Homeschooling Rocks!


Last Friday we took an adventure to the Crater Rock Museum.  It was a great trip and the kids have been very inspired lately because they actually got a chance to bring some cool specimens home.

They gave us a tour of the workshop and then afterwords we got to go out into a yard and collect rocks and take them home for 25 cents a pound.

Unfortunately, we were not able to really break them out until a few days later.  This was a shame since a lot of the interest had faded.  But one evening, everyone was a bit restless, so I declared it reading time and I was going to write in my nature journal about our trip to the museum and they were welcome to join me.


I was shocked when the older kids stayed put and the little ones ran to the table with their journals in hand.  Theo, especially, surprised me, because he has never really showed much interest in nature journaling before.  He even asked me to write down something about his rocks and the trip to the museum in his book.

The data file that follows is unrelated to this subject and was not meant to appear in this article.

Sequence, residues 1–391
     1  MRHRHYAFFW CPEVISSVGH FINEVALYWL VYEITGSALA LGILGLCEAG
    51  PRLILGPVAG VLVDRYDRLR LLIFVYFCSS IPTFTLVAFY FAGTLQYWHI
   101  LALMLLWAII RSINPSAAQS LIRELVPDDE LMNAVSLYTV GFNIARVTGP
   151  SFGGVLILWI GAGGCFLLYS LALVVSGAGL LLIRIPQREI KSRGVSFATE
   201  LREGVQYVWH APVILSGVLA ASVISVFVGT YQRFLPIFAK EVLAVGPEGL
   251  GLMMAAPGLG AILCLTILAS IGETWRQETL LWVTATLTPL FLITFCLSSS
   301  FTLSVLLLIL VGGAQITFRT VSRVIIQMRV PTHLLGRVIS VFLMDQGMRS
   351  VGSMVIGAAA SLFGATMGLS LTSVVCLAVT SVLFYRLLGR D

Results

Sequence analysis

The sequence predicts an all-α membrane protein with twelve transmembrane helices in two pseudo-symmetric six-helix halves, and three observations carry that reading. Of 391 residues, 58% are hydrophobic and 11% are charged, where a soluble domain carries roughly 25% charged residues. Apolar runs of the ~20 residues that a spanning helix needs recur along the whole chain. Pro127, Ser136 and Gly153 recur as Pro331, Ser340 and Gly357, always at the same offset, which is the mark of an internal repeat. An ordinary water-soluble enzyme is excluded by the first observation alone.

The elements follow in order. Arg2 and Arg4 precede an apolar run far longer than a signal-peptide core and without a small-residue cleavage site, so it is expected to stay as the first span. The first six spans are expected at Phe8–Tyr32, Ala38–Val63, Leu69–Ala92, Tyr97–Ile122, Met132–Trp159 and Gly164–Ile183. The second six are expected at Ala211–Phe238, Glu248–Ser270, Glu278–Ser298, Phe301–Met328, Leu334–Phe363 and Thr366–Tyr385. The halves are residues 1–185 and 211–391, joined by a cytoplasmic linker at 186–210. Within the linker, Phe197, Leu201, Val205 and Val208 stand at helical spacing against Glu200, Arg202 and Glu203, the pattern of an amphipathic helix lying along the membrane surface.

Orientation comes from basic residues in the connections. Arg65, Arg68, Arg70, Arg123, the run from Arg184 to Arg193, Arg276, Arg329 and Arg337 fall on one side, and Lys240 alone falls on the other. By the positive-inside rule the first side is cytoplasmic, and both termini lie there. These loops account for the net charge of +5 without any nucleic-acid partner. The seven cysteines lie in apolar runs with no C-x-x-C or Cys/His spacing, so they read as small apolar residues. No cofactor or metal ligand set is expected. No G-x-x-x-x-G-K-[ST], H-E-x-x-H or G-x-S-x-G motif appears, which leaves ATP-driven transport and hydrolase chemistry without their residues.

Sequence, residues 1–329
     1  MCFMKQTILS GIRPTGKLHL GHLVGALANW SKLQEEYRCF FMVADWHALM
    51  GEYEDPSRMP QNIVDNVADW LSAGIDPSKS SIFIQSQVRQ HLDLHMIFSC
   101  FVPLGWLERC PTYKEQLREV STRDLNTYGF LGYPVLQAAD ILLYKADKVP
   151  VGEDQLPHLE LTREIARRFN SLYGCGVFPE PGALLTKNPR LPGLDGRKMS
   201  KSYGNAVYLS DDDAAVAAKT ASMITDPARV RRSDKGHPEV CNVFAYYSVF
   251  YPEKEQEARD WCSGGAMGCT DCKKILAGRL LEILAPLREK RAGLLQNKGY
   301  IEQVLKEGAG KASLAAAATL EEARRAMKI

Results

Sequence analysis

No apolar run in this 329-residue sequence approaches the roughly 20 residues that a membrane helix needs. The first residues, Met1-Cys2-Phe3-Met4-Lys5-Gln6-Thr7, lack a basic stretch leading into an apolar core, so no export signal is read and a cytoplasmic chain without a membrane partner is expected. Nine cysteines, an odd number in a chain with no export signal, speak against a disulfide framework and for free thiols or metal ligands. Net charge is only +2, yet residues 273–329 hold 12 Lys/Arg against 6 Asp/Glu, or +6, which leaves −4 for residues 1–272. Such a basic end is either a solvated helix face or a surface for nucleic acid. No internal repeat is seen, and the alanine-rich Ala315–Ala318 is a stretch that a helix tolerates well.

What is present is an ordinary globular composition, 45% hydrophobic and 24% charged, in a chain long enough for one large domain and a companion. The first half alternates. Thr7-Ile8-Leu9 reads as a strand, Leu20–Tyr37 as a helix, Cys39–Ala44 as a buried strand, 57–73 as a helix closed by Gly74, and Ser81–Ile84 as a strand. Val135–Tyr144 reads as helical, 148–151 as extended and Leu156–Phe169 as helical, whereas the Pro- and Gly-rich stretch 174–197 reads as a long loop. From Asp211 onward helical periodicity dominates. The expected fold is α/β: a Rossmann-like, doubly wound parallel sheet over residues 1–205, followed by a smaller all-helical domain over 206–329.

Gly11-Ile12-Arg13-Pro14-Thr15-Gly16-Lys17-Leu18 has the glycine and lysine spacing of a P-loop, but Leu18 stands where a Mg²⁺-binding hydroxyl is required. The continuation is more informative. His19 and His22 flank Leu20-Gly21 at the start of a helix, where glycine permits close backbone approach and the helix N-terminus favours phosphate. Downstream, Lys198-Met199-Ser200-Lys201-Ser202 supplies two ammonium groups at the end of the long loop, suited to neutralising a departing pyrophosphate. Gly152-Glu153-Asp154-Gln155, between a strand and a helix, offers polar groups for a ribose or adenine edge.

One of the things that has been hard about this new way of looking at my children's education, is not worrying so much.  I need to make sure that my expectations don't ruin a true learning experience.  If they aren't interested there is no point in forcing them to come to the table and draw rocks.  They would only resent it and would get nothing out of it but a forced memory... a memory that involved none of the learning I had hoped for them.

Photo Credit: Eva (2)

Eventually, the older kids wandered over and looked at some of what we were doing.  They never broke out their nature journals, but there were questions asked and answers found.


A friend posted on her Instagram feed the following quote.  After reading it I quickly added it to my homeschool journal.  It's profound message spoke to my heart and it is really what the core of what our homeschool experience should be:

"Children the world over have a right to a childhood filled with beauty, joy, adventure, and companionship. They will grow toward ecological literacy if the soil they are nurtured in is rich with experience, love, and good examples." - Alan Dyer



It is about fostering a thirst for knowledge, discipline in finding ways to grow learning, and love to help them express the beauty around them.  I have to always keep in the forefront of my mind, that this is their education, not mine.  I get to come along and learn with them, yes, but ultimately, it is theirs to nourish and grow.

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